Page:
Where I blab about bunnies and encourage your bunny (and other animal) stories.

Thursday, October 27, 2005

Snoopy Dance

When you're grumpy or it's rainy out or your boss just "shat on your desk," go watch The Snoopy Dance, not to be confused with The Hamster Dance, which is also wildly entertaining. There used to be adorable music with both dances, but they've moved around so much on the Web I guess it got lost in the shuffle.

Okay, to bring this back to bunnies....Oh! Dancing! Amber used to love dancing with me. I'd pick him up and turn on some tunes (usually Sinatra or something romantic and slow) and we'd dance. The first few times, he didn't know what was with all the moving and swaying, but he caught on. Hops has to be in the mood to dance; when he's not, he gets all squirmy and wants down. Pea will fall asleep in a good sway; our nightly cuddle sessions sometimes include a Pea nap in Mommy's arms. It's wicked cute when she turns into a big ball of Pea mush (which always happens the second I pick her up) and her nose stops twitching and her eyes get droopy. After a good few minutes, per usual bunny naps on Mommy, the kid suddenly wakes up and gets it in her head that her salad's waiting for her -- which it always is after our nighttime cuddles -- and she needs to either eat it or perish. Thank god she's not a biter -- I had to teach Hops to squirm and not bite when he wanted to get down after a few very ill-placed nibbles (the eyelid nip comes to mind).

Alas, I diverge. I was going to talk about how cute binkies are, the bunny's form of dancing (calves and fawns also do this in fields, but stop when they grow up; bunnies never stop binkying, as long as they're healthy). But if you're a bunny person, you know that the greatest compliment a bunny can give you is a binky. Pure happiness and freedom and safety and contentment. Ariel got her name (from arial, actually) because inside an hour after I brought her home, she was binkying. This from a girl who was left (with her twin, Kayla) in the dead of winter in a cardboard box next to a dumpster in Jamaica Plain a few short months before I met them. So, the compliment counted exponentially that day (May 12, 2001). I think they knew they were home.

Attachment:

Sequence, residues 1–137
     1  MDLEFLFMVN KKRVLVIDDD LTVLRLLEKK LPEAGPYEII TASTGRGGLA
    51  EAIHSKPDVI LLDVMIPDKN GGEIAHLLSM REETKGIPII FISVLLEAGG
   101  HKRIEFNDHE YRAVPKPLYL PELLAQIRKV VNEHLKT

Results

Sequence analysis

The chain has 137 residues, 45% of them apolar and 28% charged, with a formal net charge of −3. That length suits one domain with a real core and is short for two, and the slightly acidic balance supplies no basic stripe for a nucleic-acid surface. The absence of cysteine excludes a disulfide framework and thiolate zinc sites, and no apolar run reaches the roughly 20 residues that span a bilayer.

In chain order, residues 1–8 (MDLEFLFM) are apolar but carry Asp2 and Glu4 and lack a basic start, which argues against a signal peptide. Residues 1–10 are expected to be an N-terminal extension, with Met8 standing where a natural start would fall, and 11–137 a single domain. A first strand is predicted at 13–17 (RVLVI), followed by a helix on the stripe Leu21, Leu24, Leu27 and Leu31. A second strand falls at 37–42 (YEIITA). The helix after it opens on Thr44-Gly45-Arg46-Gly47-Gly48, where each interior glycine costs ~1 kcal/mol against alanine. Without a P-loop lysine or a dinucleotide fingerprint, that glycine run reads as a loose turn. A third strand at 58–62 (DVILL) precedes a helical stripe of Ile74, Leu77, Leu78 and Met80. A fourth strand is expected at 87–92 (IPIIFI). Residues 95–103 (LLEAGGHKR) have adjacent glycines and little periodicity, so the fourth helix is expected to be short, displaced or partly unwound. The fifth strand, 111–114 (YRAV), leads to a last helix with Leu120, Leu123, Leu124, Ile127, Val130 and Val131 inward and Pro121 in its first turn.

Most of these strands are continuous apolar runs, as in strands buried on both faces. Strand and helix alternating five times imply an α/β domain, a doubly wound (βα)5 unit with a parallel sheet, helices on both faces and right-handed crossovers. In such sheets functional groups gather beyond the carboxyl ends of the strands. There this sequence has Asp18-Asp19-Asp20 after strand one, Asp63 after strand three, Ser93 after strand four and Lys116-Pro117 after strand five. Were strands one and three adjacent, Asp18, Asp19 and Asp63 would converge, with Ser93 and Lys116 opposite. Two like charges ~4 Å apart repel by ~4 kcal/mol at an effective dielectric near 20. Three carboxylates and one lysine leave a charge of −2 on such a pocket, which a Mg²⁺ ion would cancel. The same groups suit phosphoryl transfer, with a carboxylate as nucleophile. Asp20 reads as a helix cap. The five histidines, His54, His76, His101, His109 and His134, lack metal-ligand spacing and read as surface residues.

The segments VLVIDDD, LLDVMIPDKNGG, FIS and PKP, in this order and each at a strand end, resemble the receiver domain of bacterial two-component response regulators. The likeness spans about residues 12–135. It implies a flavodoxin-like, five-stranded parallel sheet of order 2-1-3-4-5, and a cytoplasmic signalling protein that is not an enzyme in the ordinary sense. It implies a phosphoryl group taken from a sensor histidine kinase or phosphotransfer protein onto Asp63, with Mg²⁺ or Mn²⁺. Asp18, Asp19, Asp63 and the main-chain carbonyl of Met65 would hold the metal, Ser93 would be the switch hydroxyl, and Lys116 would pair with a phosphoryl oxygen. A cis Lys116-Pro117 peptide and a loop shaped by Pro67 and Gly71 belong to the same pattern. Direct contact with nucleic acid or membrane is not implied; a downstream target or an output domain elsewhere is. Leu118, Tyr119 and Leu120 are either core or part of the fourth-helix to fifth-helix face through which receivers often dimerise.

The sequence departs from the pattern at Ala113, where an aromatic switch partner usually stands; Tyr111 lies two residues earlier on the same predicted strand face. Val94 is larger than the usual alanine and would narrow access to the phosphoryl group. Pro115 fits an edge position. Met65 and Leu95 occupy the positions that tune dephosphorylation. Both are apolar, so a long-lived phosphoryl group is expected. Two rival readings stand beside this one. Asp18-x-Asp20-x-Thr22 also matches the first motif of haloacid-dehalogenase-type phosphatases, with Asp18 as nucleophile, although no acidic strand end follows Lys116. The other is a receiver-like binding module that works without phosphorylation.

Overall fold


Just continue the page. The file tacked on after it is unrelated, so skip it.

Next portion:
(If you're not a bunny person, a binky is the action a bunny performs when it runs at full tilt and then suddenly springs up in the air and kicks its feet out and twists its body around. A good binky can confuse a bunny who lands in the opposite direction she was running, which is even funnier to watch.)

Monday, October 17, 2005

Original ideas

Whoever said there are no more original ideas have clearly never seen a liger.

This animal looks amazing... and large. Large like 900 lbs. and 11 feet from nose to tail. Large like 100 lbs. of meat at one meal (holy maintenance cost, Batman!). Large like, "I've never seen a tiger that big before. No, wait, that's not a tiger." How they breed the enormous size into it would be my main question... I mean, we can splice genes and things, but whose gene gives it the gargantuousness?

"But how's their temperament?!" you ask. Well, I guess at least some of them are gentle enough to trust to sit next to a baby.

Word has it these cats are fertile and breed, too, which begs the question: "If they're ever released into the wild, how many groups of smaller animals (by "groups" I mean herds and by "smaller animals" I mean hippos ;-}) will perish because one liger gets peckish?

Does the creation of a hybrid animal mean that we make up for an animal that we've forced into extinction from errant logging of the rainforests or the development of a city and the complete annihilation of a species of frog, for example? If so, then let's hit those labs, biologists! Let's get creative... I'm thinking of South Park's Dr. Alphonse Mephesto.

Meet Tai Shan

We need more stories like this one in our news. At 100 days, apparently, giant panda cubs can walk, have started growing teeth and start to want to play.

Tuesday, October 11, 2005


The ants are back. Little itty bitty ones aimlessly wandering around my floor looking for any hint of food. This year it seems to be confined to the bathroom floor, but early last fall it was pretty much everywhere -- living room, bedroom. So, I got sick of the one-by-one method (there are probably more ants than I care to think about under the floor or wherever they're coming from). Wimpy ants. Moving inside because it's a bit chilly at night. Well, this is my house, Swarm! Now git!

The problem with this approach, however, is that ants rarely listen when you order them around. So, to Walmart I went to buy the latest and greatest ant traps. The kind with the clear liquid inside that the ants think is food and take back to the colony. You're actually supposed to let the ants go if you see them traipsing around your home after you put these traps out. That is a very difficult thing for me to do, but I tried.